How to avoid common scams in Bangkok

Some tuk tuk drivers target tourists fresh in town

Some tuk tuk drivers target tourists fresh in town

By Crystal Wilde

Whether you are staying Bangkok for the first time or are a veteran visitor to the city, if you look like a foreigner someone will no doubt try to scam you. Whether it’s just a few baht or a thousand, it’s the principle that will really get your goat when you’ve been had, so here’s a few of the most common Bangkok swindles and how best to avoid them.

A ‘scam’ is described in the English Dictionary as a ‘fraudulent business scheme’ or to ‘deprive of by deceit’. Whichever you fear the most, make sure you are clued up on the most common deceptions in Bangkok before you arrive in this fun but threatening city. While it is perhaps true that it’s a rite of passage for tourists to get ripped off at least a little bit in Bangkok, some scams are worse than others and if you don’t get the wool pulled over your eyes for the little fiddles you might just escape the big ones.

The two prices trick
This is one of Thailand’s most minor indiscretions so you shouldn’t feel too aggrieved if you come across it. For many services in Thailand, such as transport or admission into national attractions, as a foreigner you will be expected to pay more than the locals. This is a fairly commonly-accepted practice but the problems arise when there is an attempt to hide it.

Often the real price is written in Thai numerals and a second inflated price is written in Arabic numbers. For most popular tourist attractions, however, the foreigner price and the local price are usually clearly displayed, even when the increase is of 100 per cent or more. If someone charges you a price that you don’t think is right, it is up to you whether you want to argue the toss. If the two prices are clearly stated, however, you should decide before you partake it whatever it is whether you are prepared to pay the foreigners’ price.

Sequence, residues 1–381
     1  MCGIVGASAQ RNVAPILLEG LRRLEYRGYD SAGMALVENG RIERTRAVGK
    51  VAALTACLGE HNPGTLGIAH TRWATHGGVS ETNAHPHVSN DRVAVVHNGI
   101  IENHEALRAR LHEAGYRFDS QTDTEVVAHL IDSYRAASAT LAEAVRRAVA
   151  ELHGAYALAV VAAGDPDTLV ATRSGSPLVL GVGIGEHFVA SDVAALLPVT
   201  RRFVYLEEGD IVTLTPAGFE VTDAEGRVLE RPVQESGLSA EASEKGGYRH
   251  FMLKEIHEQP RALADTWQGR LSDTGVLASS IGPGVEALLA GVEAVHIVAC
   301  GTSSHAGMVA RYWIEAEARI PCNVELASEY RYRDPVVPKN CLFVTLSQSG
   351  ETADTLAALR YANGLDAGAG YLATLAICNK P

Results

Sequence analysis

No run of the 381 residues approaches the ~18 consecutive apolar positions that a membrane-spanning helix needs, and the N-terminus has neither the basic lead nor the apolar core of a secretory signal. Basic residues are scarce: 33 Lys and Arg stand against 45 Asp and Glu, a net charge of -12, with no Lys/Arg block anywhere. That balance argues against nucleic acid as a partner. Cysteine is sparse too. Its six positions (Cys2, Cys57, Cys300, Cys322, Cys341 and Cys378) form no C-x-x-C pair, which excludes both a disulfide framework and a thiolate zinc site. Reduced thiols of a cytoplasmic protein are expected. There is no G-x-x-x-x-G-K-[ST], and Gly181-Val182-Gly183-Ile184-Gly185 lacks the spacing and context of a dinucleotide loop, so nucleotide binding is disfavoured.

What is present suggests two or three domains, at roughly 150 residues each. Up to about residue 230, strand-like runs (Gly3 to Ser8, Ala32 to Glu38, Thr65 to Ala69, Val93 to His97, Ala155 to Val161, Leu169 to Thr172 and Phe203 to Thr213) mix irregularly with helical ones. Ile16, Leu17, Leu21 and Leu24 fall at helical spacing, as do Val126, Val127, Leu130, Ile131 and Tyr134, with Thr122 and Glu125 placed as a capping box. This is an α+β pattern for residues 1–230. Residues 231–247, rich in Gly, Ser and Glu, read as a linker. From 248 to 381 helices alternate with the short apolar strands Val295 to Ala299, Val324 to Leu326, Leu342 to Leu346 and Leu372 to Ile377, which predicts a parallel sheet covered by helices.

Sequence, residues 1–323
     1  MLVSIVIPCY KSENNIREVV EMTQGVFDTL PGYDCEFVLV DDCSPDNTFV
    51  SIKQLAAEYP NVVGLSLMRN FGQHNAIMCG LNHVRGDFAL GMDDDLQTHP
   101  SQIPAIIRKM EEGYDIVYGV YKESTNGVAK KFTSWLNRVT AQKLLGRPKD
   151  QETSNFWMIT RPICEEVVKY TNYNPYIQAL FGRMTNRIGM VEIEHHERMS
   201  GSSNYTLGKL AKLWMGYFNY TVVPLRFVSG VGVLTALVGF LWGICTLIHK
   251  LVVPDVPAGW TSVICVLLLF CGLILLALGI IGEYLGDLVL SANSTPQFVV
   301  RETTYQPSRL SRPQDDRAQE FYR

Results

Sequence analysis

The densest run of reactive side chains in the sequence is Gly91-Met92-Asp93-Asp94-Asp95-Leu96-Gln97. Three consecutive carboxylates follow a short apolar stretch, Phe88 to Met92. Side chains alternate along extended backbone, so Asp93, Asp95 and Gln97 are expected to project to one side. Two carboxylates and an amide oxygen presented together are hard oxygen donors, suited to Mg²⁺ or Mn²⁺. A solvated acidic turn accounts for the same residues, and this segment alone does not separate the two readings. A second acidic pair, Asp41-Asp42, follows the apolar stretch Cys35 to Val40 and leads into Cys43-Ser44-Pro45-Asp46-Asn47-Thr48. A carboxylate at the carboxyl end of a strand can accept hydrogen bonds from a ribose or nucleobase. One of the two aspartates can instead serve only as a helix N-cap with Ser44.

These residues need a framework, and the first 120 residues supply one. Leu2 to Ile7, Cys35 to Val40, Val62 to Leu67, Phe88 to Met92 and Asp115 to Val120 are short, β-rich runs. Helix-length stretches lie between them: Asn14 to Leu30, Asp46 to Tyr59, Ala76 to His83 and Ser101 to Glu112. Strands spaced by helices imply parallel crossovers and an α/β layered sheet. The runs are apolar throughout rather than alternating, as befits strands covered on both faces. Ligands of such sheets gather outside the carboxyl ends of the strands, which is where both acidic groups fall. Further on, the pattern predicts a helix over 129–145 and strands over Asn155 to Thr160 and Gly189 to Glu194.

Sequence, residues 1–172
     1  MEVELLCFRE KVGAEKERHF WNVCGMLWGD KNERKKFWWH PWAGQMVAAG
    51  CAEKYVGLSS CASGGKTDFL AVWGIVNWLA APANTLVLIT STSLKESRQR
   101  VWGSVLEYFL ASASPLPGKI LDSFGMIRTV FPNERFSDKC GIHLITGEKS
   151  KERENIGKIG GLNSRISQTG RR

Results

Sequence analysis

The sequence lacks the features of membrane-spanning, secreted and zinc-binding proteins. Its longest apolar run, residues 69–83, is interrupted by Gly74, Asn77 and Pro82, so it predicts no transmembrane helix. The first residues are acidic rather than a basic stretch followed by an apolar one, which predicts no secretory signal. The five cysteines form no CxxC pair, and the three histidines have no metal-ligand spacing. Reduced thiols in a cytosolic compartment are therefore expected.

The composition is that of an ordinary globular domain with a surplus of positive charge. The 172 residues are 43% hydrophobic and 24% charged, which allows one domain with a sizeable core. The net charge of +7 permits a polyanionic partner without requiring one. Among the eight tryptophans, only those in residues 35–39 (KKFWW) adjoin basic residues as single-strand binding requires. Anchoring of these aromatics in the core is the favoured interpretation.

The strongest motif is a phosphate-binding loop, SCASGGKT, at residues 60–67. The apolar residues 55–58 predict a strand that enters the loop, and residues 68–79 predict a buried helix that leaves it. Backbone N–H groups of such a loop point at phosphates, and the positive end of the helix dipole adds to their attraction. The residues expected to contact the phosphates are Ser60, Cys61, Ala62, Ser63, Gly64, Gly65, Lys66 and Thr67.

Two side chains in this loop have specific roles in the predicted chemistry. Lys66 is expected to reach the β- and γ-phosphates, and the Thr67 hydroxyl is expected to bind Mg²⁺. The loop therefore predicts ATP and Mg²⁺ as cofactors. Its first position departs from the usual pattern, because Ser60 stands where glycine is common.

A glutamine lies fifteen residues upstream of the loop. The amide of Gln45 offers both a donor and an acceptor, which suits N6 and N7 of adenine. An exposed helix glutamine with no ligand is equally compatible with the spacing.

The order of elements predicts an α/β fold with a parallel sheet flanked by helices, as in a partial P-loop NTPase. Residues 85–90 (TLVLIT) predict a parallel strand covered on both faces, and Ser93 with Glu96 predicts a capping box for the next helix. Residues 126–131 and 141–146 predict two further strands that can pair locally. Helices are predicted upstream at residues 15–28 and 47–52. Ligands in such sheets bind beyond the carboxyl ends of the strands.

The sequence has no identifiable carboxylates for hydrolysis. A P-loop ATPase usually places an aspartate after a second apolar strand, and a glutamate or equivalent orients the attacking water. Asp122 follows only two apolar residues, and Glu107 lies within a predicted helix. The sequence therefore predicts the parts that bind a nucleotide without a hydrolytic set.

The tuk tuk trick
As a tourist in Bangkok you will often be approached by a smartly-dressed and smiley tuk-tuk driver offering you an all-day tour of the city at a price as low as 10 baht. As you may have been told before, if something sounds too good to be true it’s usually because it is, so be careful not to be tempted by this con. As one of the most common scams in the city, this tour will normally consist of you being shipped to numerous fake gem shops and tailors while the both the driver and the shopkeepers pressure you to buy.

The tuk-tuk driver will be rewarded with gas tokens just for taking you into the shops and a much larger commission if you part with your hard-earned cash. If this happens to you, refuse to enter the shops and insist that the tuk-tuk driver takes you only to your desired destinations. There is also no such thing as the ‘Lucky Buddha’ or ‘Lucky Buddha Day’. For more information on transport in Bangkok.

The standard of buses in Bangkok varies wildly

The standard of buses in Bangkok varies wildly

The taxi trick